Eneco is owned by 53 Dutch municipalities. In a turbulent political process they have decided to sell the company a few months ago. The company value is estimated in the region of €3bn. 

Total turnover in 2017 was €3.4bn. Although more known for its renewable investments, Eneco still generates half of its power (10.3 TWh p.a. in 2017) by fossil fuels, mainly gas. 

Eneco also has a large trading division focused on gas trading (45.3 TWh) and power trading (21.5 TWh).


The Dutch/British gas and oil giant recently declared to invest $1-2bn per year in its New Energies division, established in 2016. This corresponds to 4-8% of its total investment of around $25bn. 

Its European peers (in contrast to its US peers) pursue similar strategies: BP, Total, ENI and Equinor have pledged around $0.5 bn per year for renewables. ENI plans to increase renewable investments from 0.5 to 1.2bn over the next years. And Equinor even announced a 15-20 per cent share of renewables in its investment portfolio by 2030.

Eneco and Shell have partnered in several wind projects over the past years. The Dutch would fit into Shell´s strategy to invest in the power supply chain, similar to its First Utility akquisition in the UK. 

This would, if on a much smaller scale, mirror its oil and supply chain which starts at the oil field and ends at the gas station or at the industrial client. 

Direct access to power plants, networks or power markets would create: 

(1) an outlet for its large gas upstream division and (2) its increasing portfolio of wind and solar projects. This, in turn, may develop into a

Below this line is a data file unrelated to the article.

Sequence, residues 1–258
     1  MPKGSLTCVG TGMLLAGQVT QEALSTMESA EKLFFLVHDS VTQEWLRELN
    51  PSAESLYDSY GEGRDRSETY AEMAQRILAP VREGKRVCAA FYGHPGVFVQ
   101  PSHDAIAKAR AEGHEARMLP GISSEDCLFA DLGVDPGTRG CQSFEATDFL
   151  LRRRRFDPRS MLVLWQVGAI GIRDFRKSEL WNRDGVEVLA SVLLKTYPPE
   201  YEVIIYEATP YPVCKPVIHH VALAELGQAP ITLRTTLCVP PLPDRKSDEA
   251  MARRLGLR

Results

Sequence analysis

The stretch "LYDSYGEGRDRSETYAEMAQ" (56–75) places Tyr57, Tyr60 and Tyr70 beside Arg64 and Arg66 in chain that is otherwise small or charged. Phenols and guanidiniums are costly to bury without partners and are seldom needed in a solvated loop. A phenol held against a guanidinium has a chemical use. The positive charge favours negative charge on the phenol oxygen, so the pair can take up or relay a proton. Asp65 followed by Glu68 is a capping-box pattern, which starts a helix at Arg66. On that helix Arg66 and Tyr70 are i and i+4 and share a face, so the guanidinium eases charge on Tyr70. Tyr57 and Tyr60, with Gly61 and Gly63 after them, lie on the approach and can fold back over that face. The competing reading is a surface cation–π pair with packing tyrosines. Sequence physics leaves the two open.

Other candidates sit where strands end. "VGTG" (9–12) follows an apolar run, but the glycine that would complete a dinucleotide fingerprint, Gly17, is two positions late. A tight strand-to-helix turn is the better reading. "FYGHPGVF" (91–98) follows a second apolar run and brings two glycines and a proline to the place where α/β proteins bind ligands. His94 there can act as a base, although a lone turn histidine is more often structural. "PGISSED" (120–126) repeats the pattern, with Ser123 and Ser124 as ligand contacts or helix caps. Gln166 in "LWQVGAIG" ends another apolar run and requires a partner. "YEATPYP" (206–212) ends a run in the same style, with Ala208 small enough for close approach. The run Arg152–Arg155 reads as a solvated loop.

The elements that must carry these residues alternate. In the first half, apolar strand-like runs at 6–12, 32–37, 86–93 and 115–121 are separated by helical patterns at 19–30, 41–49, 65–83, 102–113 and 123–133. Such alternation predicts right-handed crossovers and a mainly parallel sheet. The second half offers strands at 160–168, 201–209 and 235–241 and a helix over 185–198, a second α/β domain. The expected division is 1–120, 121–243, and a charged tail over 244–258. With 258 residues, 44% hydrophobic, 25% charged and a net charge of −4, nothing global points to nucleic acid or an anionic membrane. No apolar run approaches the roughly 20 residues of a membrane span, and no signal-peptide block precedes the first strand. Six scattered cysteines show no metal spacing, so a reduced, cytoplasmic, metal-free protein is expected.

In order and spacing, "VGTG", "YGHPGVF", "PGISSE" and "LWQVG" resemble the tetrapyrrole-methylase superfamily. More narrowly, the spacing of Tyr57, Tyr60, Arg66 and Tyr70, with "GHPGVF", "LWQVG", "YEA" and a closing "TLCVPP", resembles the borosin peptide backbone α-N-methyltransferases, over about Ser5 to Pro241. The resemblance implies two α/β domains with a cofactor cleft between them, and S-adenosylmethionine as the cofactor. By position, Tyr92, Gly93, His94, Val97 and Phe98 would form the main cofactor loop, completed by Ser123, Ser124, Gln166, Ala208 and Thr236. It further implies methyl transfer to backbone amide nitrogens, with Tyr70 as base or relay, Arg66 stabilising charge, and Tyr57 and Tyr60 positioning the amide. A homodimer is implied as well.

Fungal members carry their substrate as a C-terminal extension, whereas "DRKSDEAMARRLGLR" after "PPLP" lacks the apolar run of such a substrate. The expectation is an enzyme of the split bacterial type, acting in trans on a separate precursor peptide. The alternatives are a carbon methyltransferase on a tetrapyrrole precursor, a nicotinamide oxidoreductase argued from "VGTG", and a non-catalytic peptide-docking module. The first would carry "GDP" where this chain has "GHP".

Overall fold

(3) “Plan B” strategy if stricter climate policies or faster electrification of transport require a quick downscaling of its oil business.

Shell is not a newcomer to the power sector. They are the second-largest power trader in the US and are heavily investing in downstream gas/power activities in Asia.

Shell´s and PGGM´s planned bid may not be the last word. Counter offers by other European oil or gas companies are quite possible. Total or Engie would be candidates, also given Eneco´s activities in France (ex ENI assets).

Read more on oil company strategies in the fossil and renewable world  in the next edition of our Global Energy Briefing (German and English version available for subscribers)

Image shows ENECO headquarters (courtesy Eneco)

23 November 2018

Global Energy Briefing No.169: Big Oil in Transition? The Path to Decarbonization (English Edition)

By |2018-11-23T15:47:35+02:00Friday, 23 November 2018|Categories: company strategies, decarbonization, investment strategies, oil industry|0 Comments

Oil and gas account for more than half of global energy-related greenhouse gas emissions. International oil companies are now under pressure to demonstrate the sustainability of their portfolio and adapt their business models to the global transformation of energy systems. Investors, NGOs and the media are questioning them critically.

In this issue of our newsletter you will find 37 pages of background information on the discussion about Big Oil and company-specific strategies. How high are the emissions caused directly and indirectly by Shell, Respol or BP? What options does the industry have to move quickly to a sustainable 2°C path? Which companies are changing in the direction of “Energy Company”; which companies are sticking with their traditional business model?